All of this sounds great until you realise that most of these significant gameplay elements, you’ll simply have to learn as you go because Dragon’s Dogma 2 absolutely does not hold your hand. In an age where RPGs are constantly guiding the player with endless quest markers, tutorials, easy travel options and side activities to bloat your time, Dragon’s Dogma 2 takes a very hands-off approach to all of that. Sure, there’s a small tutorial section in the beginning but it only serves to warm you up to the fundamentals before it pats you on the back and tells you to just go out there and explore, talk to NPCs, engage with the world and kind of figure things out for yourself.

It becomes obvious fairly early on that Capcom wants you to be guided by your sense of discovery and adventure without relying on anything else. Quest markers are highlighted on your map but how you get there and tackle that quest is a different story entirely. Many quests are even time-limited, meaning if you’re the compulsive type to take on too many quests at once to fill out your checklist of activities, you’re bound to fail a few of them because you simply ran out of time or progressed past a certain point. Dragon’s Dogma 2 is an RPG that demands patience; you’ll have to play it at its pace instead of your own.

Fans of the first game might already be familiar with this steep consequence system, but newcomers might find it quite harsh and unforgiving.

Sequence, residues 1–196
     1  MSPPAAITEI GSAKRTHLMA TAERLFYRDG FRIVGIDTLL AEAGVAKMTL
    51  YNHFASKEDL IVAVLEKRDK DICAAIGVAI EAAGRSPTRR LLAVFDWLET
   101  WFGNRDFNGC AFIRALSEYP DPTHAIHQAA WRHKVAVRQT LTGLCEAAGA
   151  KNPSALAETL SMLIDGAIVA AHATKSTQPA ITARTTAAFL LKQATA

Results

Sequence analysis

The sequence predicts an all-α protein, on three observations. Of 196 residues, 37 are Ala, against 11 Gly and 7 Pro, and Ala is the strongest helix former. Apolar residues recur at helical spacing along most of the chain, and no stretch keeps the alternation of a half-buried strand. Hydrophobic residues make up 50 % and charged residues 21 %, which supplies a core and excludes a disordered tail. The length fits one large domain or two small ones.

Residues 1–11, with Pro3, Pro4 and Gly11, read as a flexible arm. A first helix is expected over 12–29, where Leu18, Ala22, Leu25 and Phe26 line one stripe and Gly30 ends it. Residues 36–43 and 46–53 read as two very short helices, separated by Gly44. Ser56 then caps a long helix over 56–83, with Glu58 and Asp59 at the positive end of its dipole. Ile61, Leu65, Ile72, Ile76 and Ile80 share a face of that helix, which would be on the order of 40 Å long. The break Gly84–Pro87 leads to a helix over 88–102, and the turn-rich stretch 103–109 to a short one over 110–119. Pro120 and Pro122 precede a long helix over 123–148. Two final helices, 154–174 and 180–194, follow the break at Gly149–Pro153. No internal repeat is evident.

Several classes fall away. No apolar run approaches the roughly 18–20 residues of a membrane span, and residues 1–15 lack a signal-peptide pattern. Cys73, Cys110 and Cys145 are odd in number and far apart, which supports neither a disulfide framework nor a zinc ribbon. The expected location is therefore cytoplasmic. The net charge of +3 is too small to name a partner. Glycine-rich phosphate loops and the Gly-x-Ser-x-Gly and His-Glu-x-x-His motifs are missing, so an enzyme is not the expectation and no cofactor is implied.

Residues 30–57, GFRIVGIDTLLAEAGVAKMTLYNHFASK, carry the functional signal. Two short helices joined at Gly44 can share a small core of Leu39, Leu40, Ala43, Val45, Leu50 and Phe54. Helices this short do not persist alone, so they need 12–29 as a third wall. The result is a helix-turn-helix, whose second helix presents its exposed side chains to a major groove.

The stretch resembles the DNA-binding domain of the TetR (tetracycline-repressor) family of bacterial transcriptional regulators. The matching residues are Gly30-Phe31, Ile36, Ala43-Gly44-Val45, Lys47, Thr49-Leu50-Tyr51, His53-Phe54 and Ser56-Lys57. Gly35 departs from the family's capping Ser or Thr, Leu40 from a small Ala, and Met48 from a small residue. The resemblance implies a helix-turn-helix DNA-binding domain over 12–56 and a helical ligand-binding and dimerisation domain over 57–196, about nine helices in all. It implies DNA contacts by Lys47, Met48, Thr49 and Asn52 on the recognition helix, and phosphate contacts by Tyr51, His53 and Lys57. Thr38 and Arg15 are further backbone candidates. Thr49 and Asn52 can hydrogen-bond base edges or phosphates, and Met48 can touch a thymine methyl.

Missed or incomplete quests also have an impact on your role-playing experience. Some quests are more important than others but again, the game does not outright tell you this. If you miss that opportunity, it’s pretty much gone forever (or until your next playthrough) because Capcom intentionally limited the number of save slots to just one. Fans of the first game might already be familiar with this steep consequence system, but newcomers might find it quite harsh and unforgiving. To that end, it’s not an RPG I can easily recommend unless you know for certain what you’re getting into.

As soon as I wrapped my head around this structure after blindly fumbling some quests, I realised just how rewarding it is too. Once you get on the same rhythm of the game, this is something you’ll never need to worry about. Dragon’s Dogma 2 restricts these tools for a good reason – Capcom is leaving choice entirely up to the player. Where you go, what you do, how you get there and who you meet feels incredibly organic in this world.

For instance, while journeying to one of the main quest locations, I got sidetracked on a whirlwind adventure trekking through caves, climbing over mountains and across new villages, culminating in an incredibly epic battle with a foe I was clearly ill-prepared to fight yet, but I stubbornly did anyway – a 10-hour detour before I even returned to the main path. But when I did, I brought that experience with me. I don’t just mean skills and gear, but rather a wiser understanding of the world and my own strengths and limitations within it. If that sounds like your flavour of RPG, then you’re going to love all that Dragon’s Dogma 2 has to offer.